The day I left home, my mother put her copy of Frances Moore Lappe's Diet for a Small Planet in my hands. "This will guide you," she said. The laser beam of her loving attention had always been focused squarely on me, her only child — my father never was in the picture — and the most consistent expression of that love was the pointedly nutrient-rich food I ate throughout my childhood in the 1970s. Consistency, it should be noted, was sort of an issue. Mom and I moved around a lot; I was forever the new kid at school. And there were definitely times when I wondered, "Isn't it enough that I'm the one who wears the homemade clothes? Do I have to have alfalfa sprouts on my sandwich, too?"
As an adult I've made different choices from the ones my mother made. I've lived on the opposite coast for 16 years, 11 of them in the same house. I got married and stayed that way for two decades. And yet to this day my diet is defined by dishes like Mom's mjeddrah, a brown rice-lentil pilaf that is, I've heard myself telling anyone who will listen, an excellent source of complete protein, with all the essential amino acids.
To understand why, we'd better begin at the beginning. I was born in Southern California in the late 1960s, a flower child's child whose days were filled with sunshine and Beatles songs. My mother was barely an adult herself when I was born, and so we grew up together. An artist by temperament, she could never quite settle on a medium; I was, I realized early on, her proudest creation, and that realization carried with it a certain amount of stress. As we both struggled to define ourselves, our dependence on each other was intense. "I love you this much," Mom would say with arms outstretched. "I love you three times around the world and four times around God," I'd reply.
In 1971, Lappe published her seminal guide to plant-centered eating, and Mom took it very much to heart, along with the mantras of macrobiotics and complete proteins, and the nutritionist Adelle Davis's warnings regarding the evils of processed foods. She was tapping into the zeitgeist, but she was also building on a foundation provided by her own mother, a Christian Scientist and native Californian who regularly administered doses of brewer's yeast.
Mom made wonderful, earnest meals for the two of us with the foods she found at Lindberg Nutrition, a health food store tucked into a bleached-out, treeless strip mall at the corner of Crenshaw and Martin Luther King Boulevards in South Central Los Angeles. We were there most Saturday mornings, wandering the aisles together, Mom reading aloud to me from the backs of packages as our basket filled up with bags of buckwheat groats, dense loaves of whole wheat bread, nut butters, amber bottles of Chinese herbs, and unpasteurized cottage cheese. "You can have any cereal you want," she'd pronounce magnanimously in the cereal aisle, "as long as it has 100 percent of your daily vitamin and nutrient requirements."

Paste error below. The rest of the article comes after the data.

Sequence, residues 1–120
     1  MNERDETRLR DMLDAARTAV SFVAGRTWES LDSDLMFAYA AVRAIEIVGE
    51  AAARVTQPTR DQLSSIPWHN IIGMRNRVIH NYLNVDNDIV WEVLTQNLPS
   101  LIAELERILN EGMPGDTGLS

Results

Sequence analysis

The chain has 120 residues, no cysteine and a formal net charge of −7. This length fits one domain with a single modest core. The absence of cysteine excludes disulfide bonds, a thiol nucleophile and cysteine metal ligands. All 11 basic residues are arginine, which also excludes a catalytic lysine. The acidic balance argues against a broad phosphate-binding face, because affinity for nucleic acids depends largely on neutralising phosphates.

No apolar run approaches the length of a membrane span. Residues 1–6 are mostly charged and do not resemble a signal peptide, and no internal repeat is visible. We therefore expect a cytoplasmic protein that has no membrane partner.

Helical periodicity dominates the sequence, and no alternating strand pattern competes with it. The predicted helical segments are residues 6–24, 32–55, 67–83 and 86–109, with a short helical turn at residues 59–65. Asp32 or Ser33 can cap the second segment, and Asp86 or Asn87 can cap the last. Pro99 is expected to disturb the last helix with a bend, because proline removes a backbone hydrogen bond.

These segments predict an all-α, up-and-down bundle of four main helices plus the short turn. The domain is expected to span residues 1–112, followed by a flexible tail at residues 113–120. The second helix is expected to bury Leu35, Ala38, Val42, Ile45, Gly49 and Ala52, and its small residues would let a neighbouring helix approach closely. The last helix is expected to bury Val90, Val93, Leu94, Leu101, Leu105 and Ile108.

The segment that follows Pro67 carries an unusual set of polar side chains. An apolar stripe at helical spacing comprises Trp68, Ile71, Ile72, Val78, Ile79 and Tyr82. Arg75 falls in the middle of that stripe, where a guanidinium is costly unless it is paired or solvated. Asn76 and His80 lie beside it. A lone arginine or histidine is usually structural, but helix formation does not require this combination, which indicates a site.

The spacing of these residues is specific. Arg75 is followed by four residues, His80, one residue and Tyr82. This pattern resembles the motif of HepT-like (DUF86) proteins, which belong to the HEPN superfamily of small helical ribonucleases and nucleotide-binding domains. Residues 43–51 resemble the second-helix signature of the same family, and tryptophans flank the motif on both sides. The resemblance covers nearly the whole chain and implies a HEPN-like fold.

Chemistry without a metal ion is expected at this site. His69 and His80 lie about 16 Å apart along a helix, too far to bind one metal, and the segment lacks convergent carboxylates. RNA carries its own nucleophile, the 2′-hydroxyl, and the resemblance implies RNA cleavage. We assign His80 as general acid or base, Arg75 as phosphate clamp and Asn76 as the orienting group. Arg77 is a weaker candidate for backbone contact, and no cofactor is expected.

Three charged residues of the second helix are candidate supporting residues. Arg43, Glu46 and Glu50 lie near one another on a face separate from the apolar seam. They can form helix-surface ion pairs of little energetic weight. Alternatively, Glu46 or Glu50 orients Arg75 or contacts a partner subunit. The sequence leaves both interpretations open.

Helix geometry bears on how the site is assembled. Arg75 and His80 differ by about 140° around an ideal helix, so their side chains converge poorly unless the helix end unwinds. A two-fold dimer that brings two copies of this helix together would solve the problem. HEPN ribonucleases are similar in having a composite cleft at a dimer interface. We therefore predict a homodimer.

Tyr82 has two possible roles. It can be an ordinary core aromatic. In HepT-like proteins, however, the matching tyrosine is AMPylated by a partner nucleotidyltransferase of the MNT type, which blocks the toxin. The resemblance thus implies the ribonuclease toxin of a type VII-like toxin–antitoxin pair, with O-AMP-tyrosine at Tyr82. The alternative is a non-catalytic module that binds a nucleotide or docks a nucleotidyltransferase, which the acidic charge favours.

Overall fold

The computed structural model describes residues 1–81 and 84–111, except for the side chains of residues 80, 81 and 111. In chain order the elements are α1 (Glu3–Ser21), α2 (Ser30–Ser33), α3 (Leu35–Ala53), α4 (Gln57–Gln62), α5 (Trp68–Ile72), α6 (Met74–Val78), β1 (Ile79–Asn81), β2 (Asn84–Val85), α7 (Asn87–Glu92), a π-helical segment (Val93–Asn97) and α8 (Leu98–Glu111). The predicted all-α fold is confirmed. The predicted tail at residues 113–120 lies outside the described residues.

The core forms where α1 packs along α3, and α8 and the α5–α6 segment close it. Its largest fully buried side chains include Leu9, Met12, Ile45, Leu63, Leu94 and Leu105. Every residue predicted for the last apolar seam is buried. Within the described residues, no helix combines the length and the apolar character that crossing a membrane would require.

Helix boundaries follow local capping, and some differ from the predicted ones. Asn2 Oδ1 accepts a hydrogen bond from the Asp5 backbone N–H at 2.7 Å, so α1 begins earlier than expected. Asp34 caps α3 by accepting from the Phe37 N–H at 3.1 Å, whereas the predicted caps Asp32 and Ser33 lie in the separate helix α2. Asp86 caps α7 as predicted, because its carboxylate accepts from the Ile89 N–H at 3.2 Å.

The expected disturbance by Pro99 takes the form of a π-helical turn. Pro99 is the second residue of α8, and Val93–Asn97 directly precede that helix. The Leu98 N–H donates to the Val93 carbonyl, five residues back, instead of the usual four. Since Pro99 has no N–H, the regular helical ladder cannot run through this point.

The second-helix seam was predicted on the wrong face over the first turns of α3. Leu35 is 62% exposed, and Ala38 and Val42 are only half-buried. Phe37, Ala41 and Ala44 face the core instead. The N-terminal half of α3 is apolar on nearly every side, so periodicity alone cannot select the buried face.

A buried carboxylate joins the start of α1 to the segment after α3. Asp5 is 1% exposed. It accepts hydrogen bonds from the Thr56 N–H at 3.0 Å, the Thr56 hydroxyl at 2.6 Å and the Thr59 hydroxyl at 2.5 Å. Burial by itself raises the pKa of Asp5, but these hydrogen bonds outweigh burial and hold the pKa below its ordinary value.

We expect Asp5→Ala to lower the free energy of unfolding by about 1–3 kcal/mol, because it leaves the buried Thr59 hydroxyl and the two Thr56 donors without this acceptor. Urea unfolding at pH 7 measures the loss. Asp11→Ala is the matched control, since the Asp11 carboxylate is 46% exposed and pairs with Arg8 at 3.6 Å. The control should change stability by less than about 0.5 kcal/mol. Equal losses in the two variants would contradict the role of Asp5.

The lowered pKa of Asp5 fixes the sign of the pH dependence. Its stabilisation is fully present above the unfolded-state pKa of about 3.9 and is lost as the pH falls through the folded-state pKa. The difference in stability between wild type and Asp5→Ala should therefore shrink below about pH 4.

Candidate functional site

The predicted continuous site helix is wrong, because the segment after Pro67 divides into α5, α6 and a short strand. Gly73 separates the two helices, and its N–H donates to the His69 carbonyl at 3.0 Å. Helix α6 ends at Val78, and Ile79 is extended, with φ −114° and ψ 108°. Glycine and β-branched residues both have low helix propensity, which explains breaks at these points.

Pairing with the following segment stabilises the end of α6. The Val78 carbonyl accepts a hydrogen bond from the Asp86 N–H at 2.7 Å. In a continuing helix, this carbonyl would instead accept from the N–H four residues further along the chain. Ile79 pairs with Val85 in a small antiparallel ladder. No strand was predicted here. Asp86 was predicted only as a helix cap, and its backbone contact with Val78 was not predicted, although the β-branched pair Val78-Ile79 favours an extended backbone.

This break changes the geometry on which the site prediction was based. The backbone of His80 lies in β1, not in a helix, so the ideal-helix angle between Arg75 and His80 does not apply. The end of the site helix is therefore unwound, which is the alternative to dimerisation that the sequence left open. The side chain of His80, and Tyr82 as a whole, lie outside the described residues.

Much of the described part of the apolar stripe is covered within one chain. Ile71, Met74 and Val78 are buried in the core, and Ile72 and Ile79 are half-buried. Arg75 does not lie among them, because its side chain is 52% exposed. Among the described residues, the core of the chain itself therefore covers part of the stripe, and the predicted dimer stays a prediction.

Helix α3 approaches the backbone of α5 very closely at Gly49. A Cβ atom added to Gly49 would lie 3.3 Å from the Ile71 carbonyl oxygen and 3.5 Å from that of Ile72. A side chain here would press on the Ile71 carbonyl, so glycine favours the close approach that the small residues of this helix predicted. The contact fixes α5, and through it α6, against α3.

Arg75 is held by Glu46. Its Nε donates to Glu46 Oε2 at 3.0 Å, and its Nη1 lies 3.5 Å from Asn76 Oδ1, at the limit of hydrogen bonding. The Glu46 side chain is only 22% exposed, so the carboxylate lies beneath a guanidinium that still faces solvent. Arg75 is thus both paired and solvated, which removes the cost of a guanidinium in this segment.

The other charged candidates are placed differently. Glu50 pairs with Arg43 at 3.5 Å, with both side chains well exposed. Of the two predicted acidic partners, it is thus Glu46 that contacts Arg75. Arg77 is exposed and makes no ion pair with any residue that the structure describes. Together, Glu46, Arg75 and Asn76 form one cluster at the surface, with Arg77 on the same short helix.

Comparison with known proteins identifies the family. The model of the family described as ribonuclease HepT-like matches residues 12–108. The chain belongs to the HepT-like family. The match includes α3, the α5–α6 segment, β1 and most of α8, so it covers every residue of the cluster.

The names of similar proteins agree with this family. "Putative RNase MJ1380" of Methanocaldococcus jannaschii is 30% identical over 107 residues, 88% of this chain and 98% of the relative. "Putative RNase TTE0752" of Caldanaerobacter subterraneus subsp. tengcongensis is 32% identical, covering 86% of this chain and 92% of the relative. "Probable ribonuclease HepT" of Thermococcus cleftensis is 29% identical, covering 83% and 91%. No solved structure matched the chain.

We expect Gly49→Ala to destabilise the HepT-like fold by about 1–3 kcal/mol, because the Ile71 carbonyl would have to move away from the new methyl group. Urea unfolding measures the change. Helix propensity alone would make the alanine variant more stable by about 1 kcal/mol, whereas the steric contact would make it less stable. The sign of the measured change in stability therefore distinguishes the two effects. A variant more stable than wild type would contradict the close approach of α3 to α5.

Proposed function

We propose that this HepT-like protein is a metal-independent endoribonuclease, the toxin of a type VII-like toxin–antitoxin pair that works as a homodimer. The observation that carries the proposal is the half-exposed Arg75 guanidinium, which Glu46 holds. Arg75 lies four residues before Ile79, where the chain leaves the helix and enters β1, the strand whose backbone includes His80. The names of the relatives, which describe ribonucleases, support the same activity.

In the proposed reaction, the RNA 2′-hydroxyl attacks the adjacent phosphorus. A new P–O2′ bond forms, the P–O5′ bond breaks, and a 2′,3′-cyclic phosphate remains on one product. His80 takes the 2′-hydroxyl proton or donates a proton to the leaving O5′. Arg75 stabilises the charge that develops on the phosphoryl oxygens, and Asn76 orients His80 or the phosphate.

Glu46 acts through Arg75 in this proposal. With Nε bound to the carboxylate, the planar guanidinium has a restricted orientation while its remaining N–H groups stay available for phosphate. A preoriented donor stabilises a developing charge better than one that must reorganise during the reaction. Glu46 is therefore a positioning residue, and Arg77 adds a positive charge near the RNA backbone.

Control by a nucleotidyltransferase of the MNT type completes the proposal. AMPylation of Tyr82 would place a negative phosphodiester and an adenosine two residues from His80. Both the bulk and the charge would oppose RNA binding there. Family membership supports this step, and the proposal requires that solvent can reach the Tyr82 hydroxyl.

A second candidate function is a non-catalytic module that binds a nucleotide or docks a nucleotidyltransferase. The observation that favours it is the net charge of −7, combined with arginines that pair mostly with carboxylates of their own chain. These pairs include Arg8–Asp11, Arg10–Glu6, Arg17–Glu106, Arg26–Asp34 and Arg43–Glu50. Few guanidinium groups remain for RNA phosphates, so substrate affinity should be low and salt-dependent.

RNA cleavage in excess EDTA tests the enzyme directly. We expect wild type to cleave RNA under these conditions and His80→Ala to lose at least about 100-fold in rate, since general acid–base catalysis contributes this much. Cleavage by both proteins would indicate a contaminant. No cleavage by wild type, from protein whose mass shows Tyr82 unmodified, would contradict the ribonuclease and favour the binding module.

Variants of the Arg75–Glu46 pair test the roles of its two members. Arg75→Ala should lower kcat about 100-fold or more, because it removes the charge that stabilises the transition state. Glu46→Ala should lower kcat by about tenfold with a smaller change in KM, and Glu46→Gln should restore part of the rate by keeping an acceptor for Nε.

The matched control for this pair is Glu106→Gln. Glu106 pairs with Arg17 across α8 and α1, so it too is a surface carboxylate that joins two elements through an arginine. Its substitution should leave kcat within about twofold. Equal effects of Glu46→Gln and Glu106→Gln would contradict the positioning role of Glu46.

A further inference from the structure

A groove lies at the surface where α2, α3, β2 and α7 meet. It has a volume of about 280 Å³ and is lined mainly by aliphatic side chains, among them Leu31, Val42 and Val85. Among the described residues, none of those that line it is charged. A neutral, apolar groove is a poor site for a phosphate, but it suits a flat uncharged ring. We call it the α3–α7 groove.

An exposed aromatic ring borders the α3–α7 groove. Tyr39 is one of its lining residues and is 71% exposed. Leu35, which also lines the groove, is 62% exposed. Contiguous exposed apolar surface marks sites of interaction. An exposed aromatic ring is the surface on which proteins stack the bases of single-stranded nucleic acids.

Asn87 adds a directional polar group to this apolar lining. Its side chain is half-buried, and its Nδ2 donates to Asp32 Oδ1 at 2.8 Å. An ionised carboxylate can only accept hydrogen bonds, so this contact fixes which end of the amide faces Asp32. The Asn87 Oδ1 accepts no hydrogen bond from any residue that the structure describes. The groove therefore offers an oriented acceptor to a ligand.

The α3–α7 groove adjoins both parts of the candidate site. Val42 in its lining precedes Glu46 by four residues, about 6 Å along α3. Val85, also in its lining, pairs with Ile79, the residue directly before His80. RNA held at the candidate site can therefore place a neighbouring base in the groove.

Lindberg's was utterly unlike the supermarkets of the era. It smelled weird — a complex funk born of fermentation and herbal supplements. Looking back, it had all the visual appeal of a Soviet-era apartment block, uniformly colorless as it was. But I loved the place. I loved it for the honey-glazed sesame crackers, and for the relaxed trips there discovering new foods at my mother's side. At home in our avocado green kitchen, the results of Mom's experiments were mostly delicious. I happily devoured the oatmeal pancakes she came up with and the creamy yogurt her Salton yogurt maker produced. But I also recall a batch of popovers that were an epic fail; wheat germ, it turns out, can't be shoehorned into just anything. It was Davis who set Mom on her mission to feed us more protein. The year I was in first grade, that meant lots of shakes. She'd play with the proportions of protein powder, raw egg, fruit juice, and bananas until the mass had a pourable consistency. And of course there was that complete-protein mjeddrah, as colorless as the interior of Lindberg's, and just as comforting. Over time, the knowledge that my friends at school didn't eat this way became a point of pride. What set us apart was what made us a family.
Now a resident of New York City, I probably laugh harder than most at the scene in Annie Hall where Woody Allen abjectly orders "alfalfa sprouts and a plate of mashed yeast" at an LA restaurant. But I remain deeply grateful for those trips to Lindberg's. Health food is the food of my people. It is my red sauce, my Sunday pot roast. It's the food I seek out to feel close to California and to my mother. I miss both more than I can say.